If you haven’t already, please read the introduction post. That will give you context for this page.
I suppose this ties into the last two weeks’ posts. I mean, maybe this is because I’m an introvert and I’m reclusive.
When I was younger, I scrambled for friendships. I think that I did it because society taught me that having loads of friends was normal and a measure of just how well I was doing in life. I think that I did it because I thought that enough friends would prove (to others and to myself) that I had worth. I think that I did it because I was afraid of what I might find if I were alone with myself.
But I…I want to say I outgrew that, but I don’t want to imply that there was anything wrong with wanting loads of friends. In fact, I think it probably is normal to want that. That the majority of people, for at least part of their lives, want that. I don’t look down on people for wanting it.
But as I grew to really like myself and not be afraid to be alone with me. As I spent time alone with me and found that I really, really loved being alone. As I learned that “normal” didn’t necessarily mean “better” or “best for everyone.” As I had some really incredible friends who helped me see that that was the level of friendship I wanted if I were going to put aside the art I was making or the beauty of solitude and give time and attention to other people. As that all happened, I grew into a self who had rather high standards for friendship.
Now, I understand that what I consider my bottom line for friendship is higher than what others consider that line. I know what you probably mean when you call someone a friend. And I don’t judge you for that. What right is it of mine to judge? Friendships are personal things, aren’t they?
And I use the word “friend” the way that you do when I talk to you, because I don’t see the value in having to preface every use with an explanation and with, I’ve learned from experience, trying to help you not feel hurt that, whilst I like you as much as people that you like and call “friend,” I don’t use that word the same way and…Yeah, it gets a bit much.
It’s been very clearly communicated to me, by people who I do consider friends, who meet my unusually strict and odd standards, that I ought to be ashamed of myself for having such high standards. (Or even for knowing clearly when people fall in my concentric circles of relationships.) They claim it means I’m unfriendly and cold and…Well, you get the point.
As with some of the other topics about which I’ve written, I’m sorry, sincerely, if this one hurts your feelings. And I couldn’t tell you precisely why my brain has a very different picture for “friend” than yours does. (Mine probably looks more like what you consider your best friends.) Maybe I actually took to heart those idealised descriptions of what friends are in programmes, films, and books.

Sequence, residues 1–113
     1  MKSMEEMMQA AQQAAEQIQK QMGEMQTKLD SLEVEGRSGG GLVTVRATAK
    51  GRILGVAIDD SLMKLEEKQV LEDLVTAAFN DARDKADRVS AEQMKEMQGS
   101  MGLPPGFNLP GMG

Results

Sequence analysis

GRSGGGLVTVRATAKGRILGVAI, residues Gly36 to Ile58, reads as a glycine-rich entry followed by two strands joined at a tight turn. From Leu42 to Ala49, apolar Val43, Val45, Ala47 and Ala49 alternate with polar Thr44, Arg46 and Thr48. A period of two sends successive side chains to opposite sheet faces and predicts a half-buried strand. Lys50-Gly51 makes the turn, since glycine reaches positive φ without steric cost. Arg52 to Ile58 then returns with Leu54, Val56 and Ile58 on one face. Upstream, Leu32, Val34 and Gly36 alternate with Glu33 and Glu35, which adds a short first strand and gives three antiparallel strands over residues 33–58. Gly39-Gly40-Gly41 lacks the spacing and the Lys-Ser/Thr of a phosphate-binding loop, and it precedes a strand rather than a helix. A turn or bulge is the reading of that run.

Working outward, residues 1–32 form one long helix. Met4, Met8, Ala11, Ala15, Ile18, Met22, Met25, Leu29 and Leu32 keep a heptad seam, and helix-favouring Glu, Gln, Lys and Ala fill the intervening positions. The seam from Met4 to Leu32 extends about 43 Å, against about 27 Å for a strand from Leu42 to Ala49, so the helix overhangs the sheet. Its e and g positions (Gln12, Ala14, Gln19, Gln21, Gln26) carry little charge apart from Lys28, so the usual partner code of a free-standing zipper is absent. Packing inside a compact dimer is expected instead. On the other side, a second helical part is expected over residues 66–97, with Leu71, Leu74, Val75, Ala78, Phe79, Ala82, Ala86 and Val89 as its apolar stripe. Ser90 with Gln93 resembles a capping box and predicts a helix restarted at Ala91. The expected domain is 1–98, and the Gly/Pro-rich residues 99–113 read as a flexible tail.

But you’ll see that I still treat you kindly; I don’t automatically treat people who aren’t my friends poorly. And I can still enjoy your company. And I won’t correct you if you call us “friends.” (Not unless I feel like what you are to me is less than what typical people would consider a friend. And, even then, I don’t correct to be mean. I believe in being honest and that knowing where we stand with each other is the best for both of us.)
Anyway, in case you can’t tell from this post or what section of the site it’s in, I’m not ashamed. Even if I didn’t have a different bar, I wouldn’t be ashamed. I don’t say this about everything on my Not Ashamed list, but: I believe we’d all profit from being very selective about our friends. We should all have only friends who are truly well-intentioned when it comes to us. Who set aside their jealousy to celebrate our victories. Who kindly, and without turning it into gossip fodder or finding some perverse satisfaction in it, hold each other in defeats. Who can be trusted with our vulnerable parts and our secrets. (And, let’s be honest, I have trust issues, so it’s not necessarily an insult if you don’t get my trust.)
Everybody ought to feel loved and supported by their friends. If your friends make you feel uneasy or attacked or unsupported, maybe you ought to join me in being very selective.
And, like me, don’t be ashamed of that. It’s better to be selective, to walk alone if you must, until you find those who deserve your goodness.
(One more note: I’m sure the world has many great people who could be my good friends. But I’m also sure that finding and being friends with all of them would lead me to neglect my arts and the sanity that comes to me from solitude. I don’t feel like I “gotta catch ‘em all.” And no shame if you can’t catch me, even if you are super awesome and we are well-suited. I’m actually a difficult friend. No, really. Have you read the other posts here? I might adore you madly and think of you constantly, but that won’t be enough to get me to find nearly as much time for you as most people seem to want. Consider this so-called shameful quirk of mine your saving.)
Now, go out and be selective! You deserve it.
Cross-posted to the Not Ashamed section of my site (so that it’s all tidy).